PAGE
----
That question is likely to bounce around the buck-passing corridors of power in Washington D.C. over the next four years. No matter whether it’s President McCain or President Obama doing the blaming, George W. Bush will likely be held responsible, as he will for so many bad things in the next quarter-century or so.
Our Pakistan policy has been flawed for decades, but in defense of Mr. Bush and all the others who have had to deal with it, it’s conceivable that there was nothing that the United States could do to improve the situation. Since 1947 Pakistan has been a failed state in the making, and now that failure is finally upon us:
Intelligence Report: U.S. Antiterror Ally Pakistan ‘On the Edge’
WASHINGTON — A growing al Qaida -backed insurgency, combined with the Pakistani army’s reluctance to launch an all-out crackdown, political infighting and energy and food shortages are plunging America’s key ally in the war on terror deeper into turmoil and violence, says a soon-to-be completed U.S. intelligence assessment.
A U.S. official who participated in drafting the top secret National Intelligence Estimate said it portrays the situation in Pakistan as “very bad.” Another official called the draft “very bleak,” and said it describes Pakistan as being “on the edge.”
The first official summarized the estimate’s conclusions about the state of Pakistan as: “no money, no energy, no government.”
This not-yet-completed NIE is so top secret that it has already been leaked to the press:
Six U.S. officials who helped draft or are aware of the document’s findings confirmed them to McClatchy on the condition of anonymity because NIEs are top secret and are restricted to the president, senior officials and members of Congress. An NIE’s conclusions reflect the consensus of all 16 U.S. intelligence agencies.
The findings also are intended to support the Bush administration’s effort to recommend the resources the next president will need for Iraq, Afghanistan and Pakistan at a time the economic crisis is straining the Treasury and inflating the federal budget deficit.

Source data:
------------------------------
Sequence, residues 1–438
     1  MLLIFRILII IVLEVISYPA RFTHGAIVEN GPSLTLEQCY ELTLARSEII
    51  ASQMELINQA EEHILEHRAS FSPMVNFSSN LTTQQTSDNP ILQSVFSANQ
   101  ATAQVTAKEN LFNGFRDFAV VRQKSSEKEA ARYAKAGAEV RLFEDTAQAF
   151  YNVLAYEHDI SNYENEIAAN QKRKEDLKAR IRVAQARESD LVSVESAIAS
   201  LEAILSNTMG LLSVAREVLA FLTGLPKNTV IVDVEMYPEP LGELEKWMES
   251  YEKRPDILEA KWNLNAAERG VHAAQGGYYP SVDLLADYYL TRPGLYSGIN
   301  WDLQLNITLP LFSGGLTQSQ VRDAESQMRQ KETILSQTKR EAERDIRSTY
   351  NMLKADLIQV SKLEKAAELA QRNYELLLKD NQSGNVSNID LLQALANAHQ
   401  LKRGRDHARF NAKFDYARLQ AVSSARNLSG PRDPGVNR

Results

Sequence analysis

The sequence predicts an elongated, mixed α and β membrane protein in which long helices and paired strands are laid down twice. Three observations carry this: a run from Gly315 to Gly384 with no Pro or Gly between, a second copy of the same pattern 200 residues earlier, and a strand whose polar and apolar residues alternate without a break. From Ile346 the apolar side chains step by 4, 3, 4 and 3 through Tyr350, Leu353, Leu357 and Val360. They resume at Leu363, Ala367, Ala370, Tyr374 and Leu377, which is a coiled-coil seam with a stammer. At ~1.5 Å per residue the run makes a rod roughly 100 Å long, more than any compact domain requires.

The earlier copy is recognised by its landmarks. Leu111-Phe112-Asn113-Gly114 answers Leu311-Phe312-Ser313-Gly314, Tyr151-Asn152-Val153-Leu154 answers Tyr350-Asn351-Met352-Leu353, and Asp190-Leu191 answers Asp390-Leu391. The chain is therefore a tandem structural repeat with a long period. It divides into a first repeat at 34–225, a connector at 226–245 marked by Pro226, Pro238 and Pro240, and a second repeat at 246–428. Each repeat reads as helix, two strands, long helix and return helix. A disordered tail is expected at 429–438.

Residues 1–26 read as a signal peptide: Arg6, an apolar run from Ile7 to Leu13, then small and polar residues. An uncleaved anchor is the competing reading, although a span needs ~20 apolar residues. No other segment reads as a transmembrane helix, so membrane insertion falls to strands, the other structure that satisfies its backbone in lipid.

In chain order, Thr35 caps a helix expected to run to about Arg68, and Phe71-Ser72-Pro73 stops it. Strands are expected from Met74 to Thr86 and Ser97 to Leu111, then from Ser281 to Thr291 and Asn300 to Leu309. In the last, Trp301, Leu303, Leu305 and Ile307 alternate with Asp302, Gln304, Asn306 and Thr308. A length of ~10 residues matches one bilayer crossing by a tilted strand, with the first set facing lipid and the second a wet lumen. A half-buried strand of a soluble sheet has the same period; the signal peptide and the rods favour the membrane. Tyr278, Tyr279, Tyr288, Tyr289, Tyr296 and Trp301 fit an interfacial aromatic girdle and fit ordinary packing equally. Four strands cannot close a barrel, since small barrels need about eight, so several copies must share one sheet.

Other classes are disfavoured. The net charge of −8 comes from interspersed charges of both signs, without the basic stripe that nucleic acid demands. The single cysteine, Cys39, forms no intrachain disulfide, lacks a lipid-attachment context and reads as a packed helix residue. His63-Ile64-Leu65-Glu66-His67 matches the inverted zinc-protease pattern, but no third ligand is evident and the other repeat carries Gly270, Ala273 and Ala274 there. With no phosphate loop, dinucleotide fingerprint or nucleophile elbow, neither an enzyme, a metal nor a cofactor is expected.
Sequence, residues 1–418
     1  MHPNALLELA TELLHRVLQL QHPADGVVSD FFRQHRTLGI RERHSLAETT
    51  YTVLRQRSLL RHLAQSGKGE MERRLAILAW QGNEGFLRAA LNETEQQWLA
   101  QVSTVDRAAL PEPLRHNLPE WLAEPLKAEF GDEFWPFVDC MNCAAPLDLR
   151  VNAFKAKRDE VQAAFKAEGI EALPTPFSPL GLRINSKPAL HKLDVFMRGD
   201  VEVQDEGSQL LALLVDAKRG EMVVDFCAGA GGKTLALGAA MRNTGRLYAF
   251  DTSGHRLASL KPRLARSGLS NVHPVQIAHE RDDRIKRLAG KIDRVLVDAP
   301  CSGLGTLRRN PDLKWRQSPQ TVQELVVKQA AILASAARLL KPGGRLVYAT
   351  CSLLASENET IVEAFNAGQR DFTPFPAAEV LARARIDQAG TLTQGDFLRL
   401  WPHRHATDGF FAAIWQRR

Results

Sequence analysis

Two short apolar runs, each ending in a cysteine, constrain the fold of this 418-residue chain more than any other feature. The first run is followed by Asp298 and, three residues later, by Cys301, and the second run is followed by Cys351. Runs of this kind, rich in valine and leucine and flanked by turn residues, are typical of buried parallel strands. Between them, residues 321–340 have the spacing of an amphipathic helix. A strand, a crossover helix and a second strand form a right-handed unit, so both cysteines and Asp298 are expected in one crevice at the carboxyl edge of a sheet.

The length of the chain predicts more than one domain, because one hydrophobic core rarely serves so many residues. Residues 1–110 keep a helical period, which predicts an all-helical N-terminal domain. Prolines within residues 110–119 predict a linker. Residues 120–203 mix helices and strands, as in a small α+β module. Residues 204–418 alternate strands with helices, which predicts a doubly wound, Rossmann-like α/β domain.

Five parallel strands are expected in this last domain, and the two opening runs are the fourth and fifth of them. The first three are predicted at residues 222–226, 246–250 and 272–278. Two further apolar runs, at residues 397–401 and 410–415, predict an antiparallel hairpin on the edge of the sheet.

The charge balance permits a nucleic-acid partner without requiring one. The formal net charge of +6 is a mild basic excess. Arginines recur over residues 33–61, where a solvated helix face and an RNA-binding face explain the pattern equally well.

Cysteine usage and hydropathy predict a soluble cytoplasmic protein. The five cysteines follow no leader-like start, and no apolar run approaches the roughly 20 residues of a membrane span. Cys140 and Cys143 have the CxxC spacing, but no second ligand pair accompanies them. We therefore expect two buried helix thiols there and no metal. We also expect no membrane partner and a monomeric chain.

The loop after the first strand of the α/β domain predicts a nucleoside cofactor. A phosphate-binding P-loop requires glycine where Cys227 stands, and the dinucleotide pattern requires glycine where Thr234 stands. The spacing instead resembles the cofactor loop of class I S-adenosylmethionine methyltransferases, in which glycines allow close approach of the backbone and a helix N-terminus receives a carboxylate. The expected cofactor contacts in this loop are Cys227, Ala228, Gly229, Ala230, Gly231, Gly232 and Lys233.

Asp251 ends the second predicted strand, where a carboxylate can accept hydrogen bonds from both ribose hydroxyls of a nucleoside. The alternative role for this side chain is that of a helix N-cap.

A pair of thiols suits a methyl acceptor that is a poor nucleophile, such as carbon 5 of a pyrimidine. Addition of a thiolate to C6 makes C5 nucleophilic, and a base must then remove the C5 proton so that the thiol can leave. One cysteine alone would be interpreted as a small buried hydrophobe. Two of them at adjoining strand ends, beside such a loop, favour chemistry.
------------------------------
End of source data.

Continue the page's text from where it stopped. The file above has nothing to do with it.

In other words: there might not be a whole lot of money left over for Pakistan.
If you were looking at a drastically reduced budget and doing triage for the NSC, which would you choose to focus on: North Korean nukes, Iranian nukes, Pakistani nukes, containing Hugo Chavez, brinkmanship with the Russians, propping up Nouri al-Maliki, or propping up Hamid Karzai? I’m betting on Karzai, because Afghanistan is where all the heroin is coming from.
But then, I’m cynical.
And Pakistan may be about to descend into chaos:
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The estimate says that the Islamist insurgency based in the Federally Administered Tribal Area bordering Afghanistan, the suspected safe haven of Osama bin Laden and his top lieutenants, is intensifying.
However, according to the officials, the draft also finds that the Pakistani military is reluctant to launch an all-out campaign against the Islamists in part because of popular opposition to continuing the cooperation with the U.S. that began under Pervez Musharraf, the U.S.-backed former president, after the 9/11 attacks.
Anti-U.S. and anti-government sentiments have grown recently, stoked by stepped-up cross-border U.S. missile strikes and at least one commando raid on suspected terrorist targets in the FATA that reportedly have resulted in civilian deaths.
The Pakistani military, which has lost hundreds of troops to battles and suicide bombings, is waging offensives against Islamist guerrillas in the Bajaur tribal agency and Swat, a picturesque region of the North West Frontier Province bordering Afghanistan. U.S. officials said insurgent attacks on Pakistani security forces provoked the Pakistani army operations.
However, the ruling coalition, in which President Asif Ali Zardari, the widower of the late prime minister Benazir Bhutto, holds the real authority, has been preoccupied by other matters, according to the draft NIE.
These include efforts to consolidate its power after winning a struggle that prompted its main rival, the Pakistan Muslim League-Q, to leave the ruling coalition.
Moreover, widespread anti-U.S. anger has left the coalition deeply divided over whether to unleash a major military assault on the Islamists, the U.S. officials said.
The government is also facing an accelerating economic crisis that includes food and energy shortages, escalating fuel costs, a sinking currency and a massive flight of foreign capital accelerated by the escalating insurgency, the NIE warns.
The Pakistani public is clamoring for relief as the crisis pushes millions more into poverty, giving insurgent groups more opportunities to recruit young Pakistanis.
Osama is trapped up there in Waziristan. But how long will he stay trapped, given the current situation?
We may be closer to an Al Qaeda nuke than we think.
Hat tip: Steen.